Carbon voters approve infrastructure borrowing | DrumhellerMail
Last updateWed, 31 May 2023 8am

Carbon voters approve infrastructure borrowing

Carbon village logo final

The Village of Carbon will be going ahead with much-needed infrastructure repairs after a plebiscite where the voters championed the upgrades.
Earlier this year Carbon council brought forward a borrowing bylaw to take out a loan of $700,000 to undertake major infrastructure repairs However, a group of residents circulated a petition, which was deemed successful.
This led to a plebiscite on Tuesday, November 15. Residents were asked to vote either in favour or opposed to 2022-865 Borrowing Bylaw which read, “Plans and specifications have been prepared and the total cost of the Captial Replacement Program (CRP-Infrastructure repairs and replacement) is estimated to be $700,000 over 10 years with an interest rate of no greater than 6.5%.”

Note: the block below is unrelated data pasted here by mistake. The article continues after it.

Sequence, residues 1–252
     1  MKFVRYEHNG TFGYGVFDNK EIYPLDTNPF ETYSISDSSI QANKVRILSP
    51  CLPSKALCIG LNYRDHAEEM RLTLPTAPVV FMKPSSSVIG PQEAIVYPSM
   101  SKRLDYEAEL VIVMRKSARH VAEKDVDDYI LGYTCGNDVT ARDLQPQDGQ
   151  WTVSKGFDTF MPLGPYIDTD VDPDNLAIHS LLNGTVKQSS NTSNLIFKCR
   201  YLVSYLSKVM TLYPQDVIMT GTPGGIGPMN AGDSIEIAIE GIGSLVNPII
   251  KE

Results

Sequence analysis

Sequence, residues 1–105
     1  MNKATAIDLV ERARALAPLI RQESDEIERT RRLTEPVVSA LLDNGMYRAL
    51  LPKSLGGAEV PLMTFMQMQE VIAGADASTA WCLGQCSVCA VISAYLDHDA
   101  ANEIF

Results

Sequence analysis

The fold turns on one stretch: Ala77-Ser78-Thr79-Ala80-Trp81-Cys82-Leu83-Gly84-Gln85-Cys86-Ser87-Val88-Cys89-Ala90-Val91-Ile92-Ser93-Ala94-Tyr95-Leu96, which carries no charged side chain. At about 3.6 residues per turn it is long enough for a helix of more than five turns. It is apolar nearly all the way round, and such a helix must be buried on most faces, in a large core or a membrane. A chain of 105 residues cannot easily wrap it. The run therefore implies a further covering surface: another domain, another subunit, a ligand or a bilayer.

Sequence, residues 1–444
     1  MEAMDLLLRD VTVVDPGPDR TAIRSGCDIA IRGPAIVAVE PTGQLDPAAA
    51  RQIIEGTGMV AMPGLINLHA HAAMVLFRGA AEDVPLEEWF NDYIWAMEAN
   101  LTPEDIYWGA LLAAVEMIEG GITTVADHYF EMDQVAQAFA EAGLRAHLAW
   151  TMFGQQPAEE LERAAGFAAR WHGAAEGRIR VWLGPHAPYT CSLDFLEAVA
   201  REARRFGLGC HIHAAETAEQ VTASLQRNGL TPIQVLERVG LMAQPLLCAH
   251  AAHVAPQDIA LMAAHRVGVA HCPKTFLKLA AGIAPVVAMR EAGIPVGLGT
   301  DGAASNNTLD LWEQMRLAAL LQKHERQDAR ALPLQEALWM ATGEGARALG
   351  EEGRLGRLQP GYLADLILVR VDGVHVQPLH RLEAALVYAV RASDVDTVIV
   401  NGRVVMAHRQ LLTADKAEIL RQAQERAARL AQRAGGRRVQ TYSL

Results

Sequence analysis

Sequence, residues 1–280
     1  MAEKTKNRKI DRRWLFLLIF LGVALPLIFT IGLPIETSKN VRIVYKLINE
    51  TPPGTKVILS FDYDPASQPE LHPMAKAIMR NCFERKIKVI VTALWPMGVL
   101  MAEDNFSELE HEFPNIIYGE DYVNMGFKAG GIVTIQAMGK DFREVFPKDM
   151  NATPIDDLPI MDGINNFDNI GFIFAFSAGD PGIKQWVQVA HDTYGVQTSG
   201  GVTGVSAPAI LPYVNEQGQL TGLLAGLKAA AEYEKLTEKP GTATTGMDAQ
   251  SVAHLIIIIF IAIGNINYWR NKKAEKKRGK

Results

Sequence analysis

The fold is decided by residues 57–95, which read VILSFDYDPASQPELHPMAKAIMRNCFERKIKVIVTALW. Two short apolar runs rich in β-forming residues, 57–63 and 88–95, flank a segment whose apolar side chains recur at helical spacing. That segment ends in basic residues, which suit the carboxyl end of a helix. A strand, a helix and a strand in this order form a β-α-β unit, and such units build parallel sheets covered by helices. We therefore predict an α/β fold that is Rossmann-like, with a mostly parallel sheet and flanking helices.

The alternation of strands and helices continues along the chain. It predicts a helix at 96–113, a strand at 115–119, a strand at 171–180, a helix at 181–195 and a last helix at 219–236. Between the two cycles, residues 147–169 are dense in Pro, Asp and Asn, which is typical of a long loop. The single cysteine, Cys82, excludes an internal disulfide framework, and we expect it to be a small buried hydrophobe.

The result of the plebiscite showed 102 in favour, with 75 opposed to the bylaw. One ballot was left blank.
“Democracy has won, the people have spoken, they want their council to maintain or repair our infrastructure,” said Mayor Bryan Peever, noting the results show a clear direction from the residents.
The first reading of the bylaw was in June.
Peever says the council now has to pass second and third readings of the bylaw.
The delay may cost the municipality more in interest.
“When we initiated the bylaw we had an interest rate of around about 4.6 per cent. That is no longer the case as they have gone up. We are going to have to modify the bylaw in the second reading to reflect the new interest rate, and depending on where we can get the best interest rate,” said Peever.
“This petition that was put forward by this group will inevitably cost us about $100,000 in interest rates.”
He says, after they pass the bylaw, they will continue through their procurement policy and hope to get to work in the spring.
He notes he has heard from appreciative residents.
“I was talking to a few residents, and they said if we had lost this vote, they were leaving. A village that doesn’t maintain its infrastructure, they don't want to live there,” said Peever.

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